Gruvr Location based widget

When users click on the Nashville map link, they are taken to Gruvr’s Nashville map:

Nashville, Gruvr Map

Links with performance information within the widget are also provided and link back to each performer’s MySpace page for more information.Gruvr also offers a tour map widget, specific to a group or performer. It is this widget’s ability to track a musical act’s touring schedule overlayed on a real Google map that has made this a popular MySpace Music tool, invaluable for both performers and their fan base.Benefiting from the youth market’s enthusiasm for viral media, Gruvr has experienced tremendous growth via its band map widget thanks to some pretty high-profile musical acts adopting its technology. Among the more notable bands who have incorporated the widget on their MySpace pages are: Miley Cyrus, Jonas Bros. and Alanis Morissette. In total, the widget is featured on more than 1000 MySpace Music pages. But that’s just the start. Fans can grab their favorite musical performer’s touring widget and add it to their blog, web site or MySpace profile.Just go here to grab a band-map widget and type in your favorite band name (or myspace name if needed).It’s this ying-and-yang between artist and fan that make Gruvr a potentially powerful viral agent for the music industry. Since bands big and small are no longer selling CDs like they use to, live performances will be the big money maker, as evidence by the recent multi-$$$ deals put up by Live Nation to secure bands, ranging from the Jonas Brothers to Madonna.While Gruvr is playing with the big acts, it’s focused more on the long-tail of music, offering a much more granular view of local shows. Everyone knows when Van Halen is playing at the Garden, but who’s out there that we don’t know about. That’s where Gruvr has its greatest potential!And at just over 2-million uniques per month and showing consistent growth month-over-month, the service is really starting to take off. Leveraging the social media spoke-and-hub strategy, Gruvr pushes out content from its hub, while driving traffic back to the hub via its large-base of installed widgets (i.e. Spokes).

Gruvr traffic graph

Gruvr is a self-funded, Boston-area start-up that, to date, generates revenue via Google AdSense and a few affiliate relationships. When will Gruvr start Feelin’ Groovey with cash flow? When it enables bands to monetize their fanbase via its widgets. And that’s exactly what the company has in store – from ticket sales to merchandise to digital downloads, there is no easy plug-and-play solution to support the millions of bands looking to earn a buck. Just when you thought there was no money in Rock & Roll, along comes Gruvr to keep the long tail of music wagging.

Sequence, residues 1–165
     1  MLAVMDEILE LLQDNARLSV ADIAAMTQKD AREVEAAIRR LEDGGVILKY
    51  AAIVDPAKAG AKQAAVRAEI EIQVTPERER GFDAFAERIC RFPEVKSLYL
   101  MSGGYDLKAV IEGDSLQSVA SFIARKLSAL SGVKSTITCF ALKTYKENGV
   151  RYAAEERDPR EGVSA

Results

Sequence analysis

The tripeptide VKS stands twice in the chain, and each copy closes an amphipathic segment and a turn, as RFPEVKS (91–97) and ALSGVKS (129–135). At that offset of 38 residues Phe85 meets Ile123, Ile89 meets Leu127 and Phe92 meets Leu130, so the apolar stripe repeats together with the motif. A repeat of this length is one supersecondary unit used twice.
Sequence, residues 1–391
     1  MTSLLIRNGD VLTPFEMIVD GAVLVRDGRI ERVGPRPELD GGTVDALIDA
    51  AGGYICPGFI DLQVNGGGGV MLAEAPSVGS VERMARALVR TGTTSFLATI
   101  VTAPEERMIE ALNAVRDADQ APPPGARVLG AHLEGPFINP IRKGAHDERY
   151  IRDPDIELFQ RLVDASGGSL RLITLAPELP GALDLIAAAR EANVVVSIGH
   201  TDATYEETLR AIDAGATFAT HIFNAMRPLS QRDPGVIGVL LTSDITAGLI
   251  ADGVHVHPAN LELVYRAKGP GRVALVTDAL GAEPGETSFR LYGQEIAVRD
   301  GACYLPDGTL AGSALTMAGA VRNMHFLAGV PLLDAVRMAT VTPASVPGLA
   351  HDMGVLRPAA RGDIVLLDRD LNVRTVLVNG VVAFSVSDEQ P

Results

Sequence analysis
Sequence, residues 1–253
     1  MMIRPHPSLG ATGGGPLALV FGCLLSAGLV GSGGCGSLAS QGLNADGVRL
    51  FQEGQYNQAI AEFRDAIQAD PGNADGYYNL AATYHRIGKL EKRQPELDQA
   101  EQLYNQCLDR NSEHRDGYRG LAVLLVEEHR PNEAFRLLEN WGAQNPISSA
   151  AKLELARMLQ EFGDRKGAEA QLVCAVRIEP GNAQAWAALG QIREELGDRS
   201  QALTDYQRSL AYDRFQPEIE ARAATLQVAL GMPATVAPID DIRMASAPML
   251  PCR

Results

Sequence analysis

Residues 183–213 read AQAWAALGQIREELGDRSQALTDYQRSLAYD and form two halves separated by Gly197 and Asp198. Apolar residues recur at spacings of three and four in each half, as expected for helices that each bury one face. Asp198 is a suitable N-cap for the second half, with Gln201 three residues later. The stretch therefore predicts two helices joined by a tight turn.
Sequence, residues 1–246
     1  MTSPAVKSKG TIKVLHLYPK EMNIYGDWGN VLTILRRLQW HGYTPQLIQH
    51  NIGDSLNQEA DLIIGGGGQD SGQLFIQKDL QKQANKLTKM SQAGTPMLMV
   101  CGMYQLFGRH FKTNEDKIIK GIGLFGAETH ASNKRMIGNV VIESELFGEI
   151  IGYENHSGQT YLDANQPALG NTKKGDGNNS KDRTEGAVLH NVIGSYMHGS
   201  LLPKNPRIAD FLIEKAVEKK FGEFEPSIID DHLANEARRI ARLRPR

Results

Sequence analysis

Some examples and screen shots

Neursonic myspace – advanced use of widgets on band pages Bucky Covington – from American Idol Flowmotion – widget used on myspace and band website The New Pornographers – example of standard myspace schedule vs. mapDubioza Kolektiv – example of European tour map kolektiv mapDevon Allman’s Honeytribe – example of awesome layout art — but how easy is it to read the schedule? allman schedule

compare to the map: much easier to tell at a glance if they are playing near you…

devon allman map

Example of how upcoming-shows announcment looks as bulletin in myspace, used by Indorphine . Each date is clickable to bring up an individual concert map.

January 15, 2008 at 12:30 am 10 comments

TicketMaster Empowering Scalpers

While widgets, like ringtones, have largely been about expressing oneself, there is a new widget paradigm taking place whose influence will be felt at the cash registers for many consumer marketers who have embraced social media and have dipped their virtual toe into the emerging widget economy. To these few brave organizations, your strategies will pay off and we salute you.

First up is TicketMaster, who just yesterday announced their ticket affiliate sales program. Not surprisingly, widget distribution is at the heart of their affiliate offering, and what better way to share the love (for money that is) than with a customizeable widget to show your support for your favorite touring band.

Ticketmaster’s new EventEngine widget allows registered affiliate individuals and organizations to create and post a customized Ticketmaster event marketing engine on their blog or web site that dynamically serves information regarding upcoming events with links to purchase tickets via Ticketmaster’s web site. Affiliates will eventually have access to Ticketmaster search buttons, banners, and link engines.

Ticketmaster EventEngine Widget

Widgets are an ideal marketing vehicle for getting those referral links out there. Hats off to the people at IAC and TicketMaster who found a way to make affiliate marketing engaging, in-context and profitable all at the same time. This is a trend that we will continue to see as marketers leverage social networks and develop sophisticated widgets that provide added value content as well as a way to monetize niche audiences.

November 28, 2007 at 11:36 pm Leave a comment